The GOES-17 Advanced Baseline Imager (ABI) has an anomaly with its on-board cooling system that prevents it from maintaining its Focal Plane Modules (FPMs) at cold, optimal temperatures. Because of this, during certain times of the year the FPMs and their detectors warm and cool throughout the day. Changing the detectors’ temperature changes their response to incoming radiance, which leads to calibration errors over time and degrades the imagery. Numerous mitigation strategies have been implemented to reduce the solar insolation on the instrument and to mitigate image degradation, including semi-annual yaw flips and changing the integration time of the detectors twice daily. These and other mitigations all work with the baseline calibration algorithms currently in place on the GOES-R Ground System. In an attempt to reduce the image degradation even further, the ABI vendor designed a new calibration scheme that predicts key parameters forward in time to account for the drifting FPM temperatures. These parameters, the linear gain term and dark current scene, are nominally updated on orbit every 5 minutes and 30 seconds, respectively. However, even at these relatively short cadences the detectors can change temperature, thereby rendering the parameters invalid for accurate calibration. By projecting these parameters forward in time the radiometric bias is reduced and image quality improves. This Predictive Calibration modification was deployed to operations on July 25, 2019, following several months of extensive testing and optimization by the GOES-R science teams. During this time several parameters and thresholds were tuned to ensure Predictive Calibration was turning on and off at the optimal times. Since going into operations users have seen noticeable improvement to the imagery and its calibration. This paper will discuss the fundamental assumptions behind the baseline equations and highlight the changes introduced by Predictive Calibration. Results will show the improvements to the calibration of the operational L1b products and reduction in image degradation.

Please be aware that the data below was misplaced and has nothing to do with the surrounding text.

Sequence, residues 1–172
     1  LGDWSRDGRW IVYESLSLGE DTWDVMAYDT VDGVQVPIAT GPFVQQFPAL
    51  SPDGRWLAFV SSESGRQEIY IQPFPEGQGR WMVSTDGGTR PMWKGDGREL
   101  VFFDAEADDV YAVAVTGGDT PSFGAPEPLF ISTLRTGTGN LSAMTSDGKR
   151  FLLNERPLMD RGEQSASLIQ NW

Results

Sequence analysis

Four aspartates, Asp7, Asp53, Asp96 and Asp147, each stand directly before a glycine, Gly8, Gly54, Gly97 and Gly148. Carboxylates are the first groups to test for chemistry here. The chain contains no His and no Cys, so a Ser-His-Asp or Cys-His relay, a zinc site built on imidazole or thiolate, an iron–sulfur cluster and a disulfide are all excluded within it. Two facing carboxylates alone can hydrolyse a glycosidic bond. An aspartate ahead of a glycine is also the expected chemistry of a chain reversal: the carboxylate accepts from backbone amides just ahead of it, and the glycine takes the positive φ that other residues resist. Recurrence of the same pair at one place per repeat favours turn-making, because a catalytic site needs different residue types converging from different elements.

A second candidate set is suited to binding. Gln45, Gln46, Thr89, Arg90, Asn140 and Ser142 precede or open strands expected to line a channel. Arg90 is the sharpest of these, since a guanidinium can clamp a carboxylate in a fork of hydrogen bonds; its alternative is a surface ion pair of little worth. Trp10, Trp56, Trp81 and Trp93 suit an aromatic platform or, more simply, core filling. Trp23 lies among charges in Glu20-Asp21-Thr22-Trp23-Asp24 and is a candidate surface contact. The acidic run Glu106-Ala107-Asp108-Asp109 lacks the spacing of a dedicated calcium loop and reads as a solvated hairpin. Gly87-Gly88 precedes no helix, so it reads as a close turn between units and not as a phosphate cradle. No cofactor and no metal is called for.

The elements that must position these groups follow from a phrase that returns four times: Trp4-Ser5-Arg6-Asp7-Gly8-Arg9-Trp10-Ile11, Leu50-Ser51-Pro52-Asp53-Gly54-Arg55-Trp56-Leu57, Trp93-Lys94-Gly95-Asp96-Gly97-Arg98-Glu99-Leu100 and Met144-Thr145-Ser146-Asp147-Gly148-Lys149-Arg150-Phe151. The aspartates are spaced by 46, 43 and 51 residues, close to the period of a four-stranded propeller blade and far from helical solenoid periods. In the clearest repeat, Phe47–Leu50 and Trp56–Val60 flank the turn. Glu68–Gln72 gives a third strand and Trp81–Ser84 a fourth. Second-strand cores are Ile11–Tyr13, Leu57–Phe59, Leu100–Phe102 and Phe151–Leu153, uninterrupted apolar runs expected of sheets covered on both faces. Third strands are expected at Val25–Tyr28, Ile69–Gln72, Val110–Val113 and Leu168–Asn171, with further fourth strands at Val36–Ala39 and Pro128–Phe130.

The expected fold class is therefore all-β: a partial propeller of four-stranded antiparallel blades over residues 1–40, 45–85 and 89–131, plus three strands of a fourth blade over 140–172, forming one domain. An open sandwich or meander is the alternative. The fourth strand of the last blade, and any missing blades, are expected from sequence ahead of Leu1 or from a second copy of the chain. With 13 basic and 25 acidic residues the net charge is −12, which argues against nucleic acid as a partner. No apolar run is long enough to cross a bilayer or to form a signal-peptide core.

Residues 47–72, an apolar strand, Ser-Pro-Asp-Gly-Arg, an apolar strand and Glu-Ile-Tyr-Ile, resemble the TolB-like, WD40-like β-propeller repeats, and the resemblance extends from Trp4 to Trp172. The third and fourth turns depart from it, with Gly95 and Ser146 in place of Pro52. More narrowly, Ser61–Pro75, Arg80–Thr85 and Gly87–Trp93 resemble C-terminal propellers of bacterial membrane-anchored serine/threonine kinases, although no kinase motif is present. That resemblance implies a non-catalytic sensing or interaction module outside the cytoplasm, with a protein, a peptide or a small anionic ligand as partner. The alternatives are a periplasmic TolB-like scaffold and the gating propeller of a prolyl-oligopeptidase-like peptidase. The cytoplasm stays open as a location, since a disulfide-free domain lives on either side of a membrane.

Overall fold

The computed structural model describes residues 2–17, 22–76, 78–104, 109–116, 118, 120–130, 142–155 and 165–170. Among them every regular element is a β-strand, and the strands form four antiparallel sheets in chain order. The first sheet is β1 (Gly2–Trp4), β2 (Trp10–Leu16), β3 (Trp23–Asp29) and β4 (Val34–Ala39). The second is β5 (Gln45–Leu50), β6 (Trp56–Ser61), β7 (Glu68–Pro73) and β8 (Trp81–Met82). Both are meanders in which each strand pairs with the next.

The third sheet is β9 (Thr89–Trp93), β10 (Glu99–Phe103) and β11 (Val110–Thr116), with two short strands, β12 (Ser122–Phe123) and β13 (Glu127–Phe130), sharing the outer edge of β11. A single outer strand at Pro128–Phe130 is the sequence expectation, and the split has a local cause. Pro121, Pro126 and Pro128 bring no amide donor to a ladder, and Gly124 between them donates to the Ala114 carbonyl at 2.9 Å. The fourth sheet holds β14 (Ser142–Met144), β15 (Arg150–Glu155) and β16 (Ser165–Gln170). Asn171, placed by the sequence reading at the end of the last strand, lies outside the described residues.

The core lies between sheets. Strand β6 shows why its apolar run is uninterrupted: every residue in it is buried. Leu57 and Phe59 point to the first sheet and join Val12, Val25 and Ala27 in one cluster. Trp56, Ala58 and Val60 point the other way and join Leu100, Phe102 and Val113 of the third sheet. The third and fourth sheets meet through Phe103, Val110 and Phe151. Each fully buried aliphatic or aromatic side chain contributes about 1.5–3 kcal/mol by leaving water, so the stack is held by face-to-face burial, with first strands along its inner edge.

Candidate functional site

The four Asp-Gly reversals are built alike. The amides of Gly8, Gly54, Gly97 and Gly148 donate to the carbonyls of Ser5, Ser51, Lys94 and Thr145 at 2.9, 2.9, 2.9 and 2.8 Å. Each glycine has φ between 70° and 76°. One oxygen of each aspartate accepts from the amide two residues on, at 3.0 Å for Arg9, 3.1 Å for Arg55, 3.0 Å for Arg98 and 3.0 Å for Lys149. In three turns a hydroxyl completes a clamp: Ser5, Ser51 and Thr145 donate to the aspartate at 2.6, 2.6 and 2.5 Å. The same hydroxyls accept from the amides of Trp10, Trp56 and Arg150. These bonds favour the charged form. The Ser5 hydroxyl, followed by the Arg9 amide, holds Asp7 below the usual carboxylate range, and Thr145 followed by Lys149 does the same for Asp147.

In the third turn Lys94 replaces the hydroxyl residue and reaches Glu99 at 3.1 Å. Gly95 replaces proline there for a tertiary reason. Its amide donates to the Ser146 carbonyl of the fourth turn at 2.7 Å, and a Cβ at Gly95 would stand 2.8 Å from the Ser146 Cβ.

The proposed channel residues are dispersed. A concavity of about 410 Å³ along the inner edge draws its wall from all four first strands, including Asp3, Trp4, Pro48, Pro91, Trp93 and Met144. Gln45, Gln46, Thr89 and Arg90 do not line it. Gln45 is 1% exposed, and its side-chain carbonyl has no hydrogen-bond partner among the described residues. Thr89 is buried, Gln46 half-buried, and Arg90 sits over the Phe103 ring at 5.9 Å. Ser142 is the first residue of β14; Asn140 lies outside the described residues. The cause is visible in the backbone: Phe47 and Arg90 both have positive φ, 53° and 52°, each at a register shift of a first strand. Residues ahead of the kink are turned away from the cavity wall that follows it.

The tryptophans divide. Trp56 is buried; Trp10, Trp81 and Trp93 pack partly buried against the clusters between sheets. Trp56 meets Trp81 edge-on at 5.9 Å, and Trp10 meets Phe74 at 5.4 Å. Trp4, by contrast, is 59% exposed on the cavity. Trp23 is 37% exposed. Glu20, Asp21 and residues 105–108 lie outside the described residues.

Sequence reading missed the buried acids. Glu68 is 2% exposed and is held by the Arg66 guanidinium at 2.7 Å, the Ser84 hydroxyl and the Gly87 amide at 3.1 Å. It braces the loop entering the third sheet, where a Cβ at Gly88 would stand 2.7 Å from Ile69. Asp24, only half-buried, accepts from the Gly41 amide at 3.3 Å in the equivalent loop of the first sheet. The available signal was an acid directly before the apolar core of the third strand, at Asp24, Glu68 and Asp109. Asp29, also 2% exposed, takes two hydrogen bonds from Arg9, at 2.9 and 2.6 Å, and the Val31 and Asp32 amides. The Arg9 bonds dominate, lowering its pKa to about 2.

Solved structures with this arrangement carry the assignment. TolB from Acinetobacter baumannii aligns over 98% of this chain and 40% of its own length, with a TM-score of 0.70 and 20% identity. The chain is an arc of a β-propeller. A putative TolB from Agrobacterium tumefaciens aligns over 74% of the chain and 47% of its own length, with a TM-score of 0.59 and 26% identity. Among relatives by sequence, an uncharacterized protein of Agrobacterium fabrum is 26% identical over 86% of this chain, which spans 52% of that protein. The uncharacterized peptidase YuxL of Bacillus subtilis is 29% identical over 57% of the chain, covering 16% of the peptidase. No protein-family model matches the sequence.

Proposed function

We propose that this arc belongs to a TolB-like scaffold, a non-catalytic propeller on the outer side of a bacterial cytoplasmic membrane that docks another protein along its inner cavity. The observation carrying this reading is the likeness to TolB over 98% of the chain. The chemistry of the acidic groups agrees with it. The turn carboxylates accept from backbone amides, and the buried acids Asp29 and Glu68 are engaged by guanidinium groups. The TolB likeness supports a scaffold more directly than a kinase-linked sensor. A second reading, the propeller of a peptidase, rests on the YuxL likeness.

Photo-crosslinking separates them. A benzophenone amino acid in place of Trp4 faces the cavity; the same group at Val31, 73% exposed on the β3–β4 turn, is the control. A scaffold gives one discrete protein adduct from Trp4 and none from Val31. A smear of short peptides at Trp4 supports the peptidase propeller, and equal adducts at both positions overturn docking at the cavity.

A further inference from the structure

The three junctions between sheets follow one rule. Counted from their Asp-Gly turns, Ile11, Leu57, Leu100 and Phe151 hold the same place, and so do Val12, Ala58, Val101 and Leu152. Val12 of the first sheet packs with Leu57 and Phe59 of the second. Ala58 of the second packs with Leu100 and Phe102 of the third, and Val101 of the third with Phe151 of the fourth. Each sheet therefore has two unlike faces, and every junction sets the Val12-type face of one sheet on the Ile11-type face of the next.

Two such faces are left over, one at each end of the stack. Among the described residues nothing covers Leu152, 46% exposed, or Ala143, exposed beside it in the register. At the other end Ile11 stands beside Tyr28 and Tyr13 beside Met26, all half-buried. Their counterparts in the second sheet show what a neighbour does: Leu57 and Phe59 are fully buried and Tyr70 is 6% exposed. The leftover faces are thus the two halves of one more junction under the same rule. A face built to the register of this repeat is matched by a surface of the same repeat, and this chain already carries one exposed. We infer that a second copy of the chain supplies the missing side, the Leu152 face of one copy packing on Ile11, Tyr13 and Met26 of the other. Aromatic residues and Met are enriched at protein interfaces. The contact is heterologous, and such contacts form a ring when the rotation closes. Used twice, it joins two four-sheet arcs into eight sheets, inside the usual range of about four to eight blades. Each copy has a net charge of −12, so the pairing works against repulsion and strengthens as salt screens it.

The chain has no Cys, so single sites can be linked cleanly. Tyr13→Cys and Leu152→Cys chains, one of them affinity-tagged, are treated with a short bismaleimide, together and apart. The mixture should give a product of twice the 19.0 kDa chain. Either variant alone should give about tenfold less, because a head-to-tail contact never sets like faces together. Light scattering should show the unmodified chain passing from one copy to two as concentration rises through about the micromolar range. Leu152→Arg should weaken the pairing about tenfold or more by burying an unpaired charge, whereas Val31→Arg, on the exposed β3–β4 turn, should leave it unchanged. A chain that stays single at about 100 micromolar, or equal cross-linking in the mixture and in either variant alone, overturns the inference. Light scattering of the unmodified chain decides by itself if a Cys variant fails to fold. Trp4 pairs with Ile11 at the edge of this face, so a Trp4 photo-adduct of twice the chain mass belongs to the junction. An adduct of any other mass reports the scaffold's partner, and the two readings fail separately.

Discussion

GOES-16, the first new generation of NOAA’s geostationary satellite, was launched on November 19, 2016. The Advanced Baseline Imager (ABI) is the key payload of the mission. The instrument performance and satellite intercalibration results show that infrared (IR) radiances are well calibrated and very stable. Yet during its early post-launch tests (PLT) and post-launch product tests (PLPT) period, several calibration anomalies were identified with the IR bands: 1) the IR measurements of the Continental United States (CONUS) and mesoscale (MESO) images demonstrated an artificial periodicity of 15 minutes - Periodic Infrared Calibration Anomaly (PICA), in line with the Mode-3 timeline; and 2) the calibration coefficients displayed small discontinuities twice a day around satellite noon and midnight, which resulted in slight detectable diurnal calibration variations. This work is to report our investigation to the root causes of these anomalies, validation of the anomaly corrections, and assessment of the impacts of the corrections on the radiance quality. By examining the radiometrically calibrated space-swath radiance collected from the moon chasing events, it was found that these anomalies were attributed to the residuals of the spatial uniformity corrections for the scan mirrors. A new set of scan mirror emissivity correction Look-Up Tables (LUTs) were later delivered by the Vendor and implemented operationally. Further analyses showed that the new emissivity LUTs significantly reduced the periodic radiometric variation and diurnal variations. The same method will be applied to validate the IR spatial uniformity for the future GOES-R series ABI instruments.